Not a promising future from Phaethon's perspective. But for Earthlings, that slow-mo crumble can put on a good show.

Near Earth Asteroid 2010 GU21 Swoops By Earth On May 5

The Near-Earth Asteroid (NEA) 2010 GU21 was discovered by the Catalina Sky Survey on April 5 2010 (MPEC 2010-G55) and has been designated as a Potentially Hazardous Asteroid (PHA) by the Minor Planet Center. The asteroid will pass within approximately 8 lunar distances on May 05.25 2010 UT… But why wait when we have Joe Brimacombe on our side?

2010 GU21 is photometrically surmised to be a X-type asteroid and very low-albedo… so dim, in fact, that it only manages about a magnitude 18. However, if you give Joe a magnitude 18 blip, he’ll send you back an image! Just watch how fast this crazy little thing travels….

And for heaven’s sake, don’t take the impact seriously! While eight moon distances (roughly two million miles) is darn close in astronomical terms, we’re quite safe when it comes to physical distance. But, with only a couple of million miles separating us, this would be a great time for radar targeting and studying (NEA) 2010 GU21’s rotation period. What’s more, it’s also on the list for the Delta-v for spacecraft rendezvous with all known near-Earth asteroids.

In the meantime, with only two days until 2010 GU21’s closest approach, you’d best keep up your car payments and still plan on keeping those weekend promises. It’s fun to surmise what might what might happen if it were a wee bit closer…

Many thanks to Joe Brimacombe for sharing his awesome video with us!

Answers and Replies

The most prominent features in Fig. 1B are (i) the densely cratered highlands, particularly on the southern nearside and north-central far-side of the Moon, (ii) the interior and surroundings of stratigraphically young impact basins, especially Orientale, and (iii) mare regions, which have the lowest crater densities on the Moon.

I interpret that as showing a significant correlation between highlands and crater density, perhaps because there was no subsequent lava flow to fill the older craters.

Unfortunately that sight and my browser disagree an the images so I can't see them, they show as Zero length .JPG files.

A friend sent me this paper:

"Electrical Phenomena on the Moon and Mars ", which was submitted at the ESA Annual Meeting on Electrostatics 2010, states:

". Measurements during the Apollo missions, together with more recent data from orbital spacecraft, indicate that there are active and dynamic charging processes occurring on and near the lunar surface. One possible consequence of dynamic lunar electrical activity may be the levitation and perhaps large scale transport of lunar dust. .."

I was wondering isn't it at least possible that static discharge flash events occur on the moon that may be confused with asteroid impact flashes?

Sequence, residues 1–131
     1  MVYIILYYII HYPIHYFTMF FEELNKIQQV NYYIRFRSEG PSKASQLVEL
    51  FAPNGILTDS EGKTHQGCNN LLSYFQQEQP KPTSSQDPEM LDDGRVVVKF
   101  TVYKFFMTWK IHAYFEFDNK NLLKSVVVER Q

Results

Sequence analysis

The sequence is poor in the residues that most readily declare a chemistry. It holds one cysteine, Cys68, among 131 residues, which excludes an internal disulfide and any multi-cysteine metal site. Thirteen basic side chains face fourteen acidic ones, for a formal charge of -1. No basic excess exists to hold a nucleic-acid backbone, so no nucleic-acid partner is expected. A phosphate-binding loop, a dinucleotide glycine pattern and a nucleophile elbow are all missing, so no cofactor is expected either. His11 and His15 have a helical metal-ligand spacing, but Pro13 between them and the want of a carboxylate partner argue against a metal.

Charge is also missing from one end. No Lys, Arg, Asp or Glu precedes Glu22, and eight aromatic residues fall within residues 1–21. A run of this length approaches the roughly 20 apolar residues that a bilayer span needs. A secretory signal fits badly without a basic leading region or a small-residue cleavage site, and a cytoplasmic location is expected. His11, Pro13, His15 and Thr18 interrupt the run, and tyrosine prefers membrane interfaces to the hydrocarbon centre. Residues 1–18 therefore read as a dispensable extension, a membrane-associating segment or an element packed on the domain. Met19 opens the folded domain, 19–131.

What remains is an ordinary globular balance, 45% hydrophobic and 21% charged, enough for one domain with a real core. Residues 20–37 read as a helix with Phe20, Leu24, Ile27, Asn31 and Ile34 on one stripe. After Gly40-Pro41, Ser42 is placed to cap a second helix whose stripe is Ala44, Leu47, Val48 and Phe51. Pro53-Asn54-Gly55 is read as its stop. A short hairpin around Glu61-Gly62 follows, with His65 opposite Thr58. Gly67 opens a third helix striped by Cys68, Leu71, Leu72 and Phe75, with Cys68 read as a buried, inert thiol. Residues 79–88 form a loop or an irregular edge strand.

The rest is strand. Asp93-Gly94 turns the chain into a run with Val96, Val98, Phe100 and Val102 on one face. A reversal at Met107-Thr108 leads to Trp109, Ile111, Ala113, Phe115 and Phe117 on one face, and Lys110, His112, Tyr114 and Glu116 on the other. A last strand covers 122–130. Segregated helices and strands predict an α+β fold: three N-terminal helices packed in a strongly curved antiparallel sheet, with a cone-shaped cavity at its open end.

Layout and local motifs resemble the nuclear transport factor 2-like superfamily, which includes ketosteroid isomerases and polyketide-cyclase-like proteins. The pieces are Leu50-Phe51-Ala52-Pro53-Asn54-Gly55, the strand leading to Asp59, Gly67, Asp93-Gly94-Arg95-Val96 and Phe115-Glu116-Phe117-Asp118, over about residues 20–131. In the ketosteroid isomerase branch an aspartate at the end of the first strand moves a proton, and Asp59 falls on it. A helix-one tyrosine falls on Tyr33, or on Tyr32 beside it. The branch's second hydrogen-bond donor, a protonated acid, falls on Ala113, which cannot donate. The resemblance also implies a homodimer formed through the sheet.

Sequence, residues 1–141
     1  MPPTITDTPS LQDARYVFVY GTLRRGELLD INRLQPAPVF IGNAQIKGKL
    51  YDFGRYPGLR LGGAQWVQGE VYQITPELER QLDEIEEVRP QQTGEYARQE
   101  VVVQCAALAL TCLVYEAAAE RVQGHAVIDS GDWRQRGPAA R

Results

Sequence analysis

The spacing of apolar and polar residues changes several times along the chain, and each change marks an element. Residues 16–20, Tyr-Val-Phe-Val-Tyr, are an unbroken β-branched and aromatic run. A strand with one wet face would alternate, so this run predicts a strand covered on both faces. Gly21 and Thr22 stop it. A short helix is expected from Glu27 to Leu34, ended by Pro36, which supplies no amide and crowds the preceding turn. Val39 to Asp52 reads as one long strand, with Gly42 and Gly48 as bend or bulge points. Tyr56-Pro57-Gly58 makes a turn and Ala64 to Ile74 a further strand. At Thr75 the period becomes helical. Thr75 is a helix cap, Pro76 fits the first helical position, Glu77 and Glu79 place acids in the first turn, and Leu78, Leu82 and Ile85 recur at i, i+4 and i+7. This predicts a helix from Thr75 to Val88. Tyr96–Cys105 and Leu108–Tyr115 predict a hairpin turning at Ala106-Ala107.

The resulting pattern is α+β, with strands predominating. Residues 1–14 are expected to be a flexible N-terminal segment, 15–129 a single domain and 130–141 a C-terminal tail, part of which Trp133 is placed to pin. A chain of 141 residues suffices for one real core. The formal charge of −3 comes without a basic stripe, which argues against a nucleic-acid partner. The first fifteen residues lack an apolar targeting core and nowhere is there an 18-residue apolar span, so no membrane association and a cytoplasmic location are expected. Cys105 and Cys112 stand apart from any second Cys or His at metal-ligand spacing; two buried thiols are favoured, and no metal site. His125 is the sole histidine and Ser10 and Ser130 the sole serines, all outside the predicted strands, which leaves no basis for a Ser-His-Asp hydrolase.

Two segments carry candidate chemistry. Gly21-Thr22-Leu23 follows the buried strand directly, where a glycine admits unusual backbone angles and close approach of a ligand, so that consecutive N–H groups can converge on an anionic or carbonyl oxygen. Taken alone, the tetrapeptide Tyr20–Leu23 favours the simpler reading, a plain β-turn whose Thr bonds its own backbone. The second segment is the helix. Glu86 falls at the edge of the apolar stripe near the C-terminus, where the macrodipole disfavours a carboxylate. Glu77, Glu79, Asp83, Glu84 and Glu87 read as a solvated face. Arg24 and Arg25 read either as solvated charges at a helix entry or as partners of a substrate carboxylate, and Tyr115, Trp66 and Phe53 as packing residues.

The earth doesn't offer much radial shielding. The distance between the earth and moon is simply too large. The earth spans roughly 2 degrees of sky from the moon - that's roughly .06% of the sky. Hardly enough to make a significant difference in impacts.

If you are only considering the radial direction, then the earth's gravity would bend the path of incoming asteroids so there would be more impacts from that direction than if the earth hadn't been present.

Starting at 18 seconds the video shows several recorded impacts and then discusses the largest, the

5 kiloton TNT equivilant meteor impact of 17 Mar2013 3h 50m 542.7s

Please consider this simple explanton of the central gap and that there were no observatons of impacts at the poles . . . it's an artifact of the observing process (the CCD and telescope system have a limited field of view).

and here's an artist's "cleaned up view"

Actually if you work out the geometry, the earth is not much of a shield. Roughly speaking if the moon were the size of a baseball, the earth would be the size of a soccer ball 22.5 ft away!

Even allowing for gravitational effects, the moon isn't well shielded by the earth.

Indeed, the report spareine referenced explains the central gap and that there are no impacts recorded near the poles . . . they were not looking there.

Here's a collage of screenshots from the NASA video I referenced . . . the Field of View just includes less than half of the Moon.

Actually if you work out the geometry, the earth is not much of a shield. Roughly speaking if the moon were the size of a baseball, the earth would be the size of a soccer ball 22.5 ft away!

Even allowing for gravitational effects, the moon isn't well shielded by the earth.

You have to do the right calculation to get the right answer here and I'm not too sure what's relevant. The soccer ball / base ball model is good to start with. Looking upwards from the Moon, you will see the Earth's disc obscuring about 0.02% of the sky (same hemisphere all the time). I suggest that is the shadowing effect. Seems very low. is that possible? Could that be detected?

Treating the Moon as a disc (as in the pictures) the apparent distribution would not be affected by the curvature. Or did you not mean what I thought you meant?

You have my point correct. A full hemisphere has a solid angle of 2pi steradians (6.2823 Sr). From the moon, the solid angle of the earth is about 0.000957 Sr which is about 0.015% of a hemisphere.